Yellow-eyed penguin/hoiho

Image: Brent Beaven | DOC

Introduction

You had your say on the new strategy to support the ecological and cultural health of hoiho/yellow-eyed penguins. Submissions closed 5 pm 20 September 2019.

To help nationally endangered Hoiho we proposed strategy, Te Kaweka Takohaka mō te Hoiho, which establishes proactive steps to help them back to health. A supporting document, Te Mahere Rima Tau /Five-year action plan, outlines the actions needed to take these steps.

From 3 August until 5 pm on 20 September 2019, we asked for your feedback. The Hoiho Governance Group and Technical Group are reviewing all responses which will inform the final version of the strategy. The Partners will develop and release the revised strategy and action plan before the end of 2019.

The opportunity to give feedback has now closed, but if you have any queries email hoihofeedback@doc.govt.nz


About the proposal

Hoiho are a nationally endangered species. There are two distinct populations. The northern population is in decline, and we need fast action to avoid their extinction on the mainland. Little is known about the southern population.

To support the health and wellbeing of hoiho, we proposed an integrated strategy and action plan. Recommendations from numerous reports and the hard work of many have helped form their foundation.

What was proposed?

The philosophy of 'ki uta ki ta' which means ‘from the mountains to the sea’, guides the approach. This holistic Kāi Tahu philosophy recognises and manages the interconnectedness of the whole environment.

Te Kaweka Takohaka mō te Hoiho provides direction and guidance for the four partners and others involved in hoiho conservation. It sets out the strategic priorities to address the gap between where we are (current state) and where we would like to be (future state).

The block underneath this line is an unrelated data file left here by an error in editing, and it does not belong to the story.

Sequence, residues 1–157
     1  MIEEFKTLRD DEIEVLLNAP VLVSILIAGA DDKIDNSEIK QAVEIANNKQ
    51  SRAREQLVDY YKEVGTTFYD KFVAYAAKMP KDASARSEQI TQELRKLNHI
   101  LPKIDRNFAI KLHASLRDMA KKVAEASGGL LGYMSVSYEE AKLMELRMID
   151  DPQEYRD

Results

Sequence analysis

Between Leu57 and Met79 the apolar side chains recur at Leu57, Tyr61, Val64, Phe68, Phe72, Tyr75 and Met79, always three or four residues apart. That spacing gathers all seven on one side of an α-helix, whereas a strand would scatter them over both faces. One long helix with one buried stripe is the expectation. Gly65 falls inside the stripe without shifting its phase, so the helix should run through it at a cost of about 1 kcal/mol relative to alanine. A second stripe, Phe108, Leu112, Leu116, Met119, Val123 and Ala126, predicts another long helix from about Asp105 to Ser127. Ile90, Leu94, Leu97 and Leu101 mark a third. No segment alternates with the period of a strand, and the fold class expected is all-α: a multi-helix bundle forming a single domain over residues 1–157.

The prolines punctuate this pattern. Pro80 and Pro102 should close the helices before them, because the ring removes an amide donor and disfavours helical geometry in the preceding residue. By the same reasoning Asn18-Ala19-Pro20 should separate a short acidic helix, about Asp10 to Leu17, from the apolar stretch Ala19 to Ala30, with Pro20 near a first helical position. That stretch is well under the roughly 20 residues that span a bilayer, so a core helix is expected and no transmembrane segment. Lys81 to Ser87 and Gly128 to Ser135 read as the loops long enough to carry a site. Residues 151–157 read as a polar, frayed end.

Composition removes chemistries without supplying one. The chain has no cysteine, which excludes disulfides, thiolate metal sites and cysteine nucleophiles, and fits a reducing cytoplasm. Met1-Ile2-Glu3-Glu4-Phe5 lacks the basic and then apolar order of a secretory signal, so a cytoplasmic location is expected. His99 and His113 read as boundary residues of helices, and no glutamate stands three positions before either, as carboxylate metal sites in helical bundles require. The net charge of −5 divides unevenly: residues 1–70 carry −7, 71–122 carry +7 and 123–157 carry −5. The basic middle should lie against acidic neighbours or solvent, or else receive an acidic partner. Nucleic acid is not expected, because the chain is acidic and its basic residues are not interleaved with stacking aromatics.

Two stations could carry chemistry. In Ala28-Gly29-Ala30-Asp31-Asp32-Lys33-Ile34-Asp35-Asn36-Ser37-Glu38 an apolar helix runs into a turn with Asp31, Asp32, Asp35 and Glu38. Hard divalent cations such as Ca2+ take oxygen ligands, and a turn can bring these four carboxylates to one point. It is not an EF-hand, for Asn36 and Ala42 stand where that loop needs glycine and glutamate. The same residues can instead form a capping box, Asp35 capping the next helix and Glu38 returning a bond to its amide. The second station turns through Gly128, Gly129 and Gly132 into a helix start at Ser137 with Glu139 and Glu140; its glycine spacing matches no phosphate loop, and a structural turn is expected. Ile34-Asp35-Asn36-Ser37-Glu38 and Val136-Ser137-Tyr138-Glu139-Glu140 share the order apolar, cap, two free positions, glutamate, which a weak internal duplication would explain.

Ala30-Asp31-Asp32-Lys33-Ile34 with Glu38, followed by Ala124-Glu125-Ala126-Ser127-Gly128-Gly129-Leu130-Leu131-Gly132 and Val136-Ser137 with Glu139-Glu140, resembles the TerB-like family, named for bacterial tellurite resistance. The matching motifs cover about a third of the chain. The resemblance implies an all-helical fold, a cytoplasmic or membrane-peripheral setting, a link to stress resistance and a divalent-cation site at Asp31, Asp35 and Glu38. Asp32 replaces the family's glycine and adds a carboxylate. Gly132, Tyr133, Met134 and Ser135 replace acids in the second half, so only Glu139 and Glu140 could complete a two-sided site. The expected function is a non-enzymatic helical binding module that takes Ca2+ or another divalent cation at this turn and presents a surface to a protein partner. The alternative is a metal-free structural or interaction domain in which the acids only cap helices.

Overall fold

The actions to achieve the strategic priorities are outlined in Te Mahere Rima Tau.

The strategy and action plan are divided into five overarching themes:

Te oraka me te aroturukitaka / Health and monitoring

Hoiho are becoming increasingly stressed. They need rehabilitation treatment to reduce deaths. The strategy will aim to support increased breeding success and survival until the population is self-sustaining.

Kā mea mōrearea o te moana / Marine threats

When hoiho head out to sea to fish they face a range of natural and human threats. We must ensure hoiho are able to go to sea to feed on abundant kai (food) and return home safely.

Te whakaekeka o te takata / Human disturbance

Hoiho are a private bird, but their daily activities are often disturbed by humans. There is pressure from humans at hoiho sites, and close encounters can reduce breeding success. We want hoiho to be able to use their coastal habitats and live without disturbance.

Te nohoka kit e whenua / Terrestrial habitat

As hoiho become increasingly threatened, the need to optimise their habitats increases. Unguarded hoiho eggs and recently hatched chicks are vulnerable to introduced predators. We want to make sure hoiho can breed safely, and provide the shelter and privacy they need to thrive.

Ka mahi tahi / Working together

Hoiho conservation involves a diverse range of people. This comes with challenges for communication, consistency and coordination. This work must be fully resourced and supported to deliver positive outcomes for hoiho.


This text uses the Kāi Tahu dialect.

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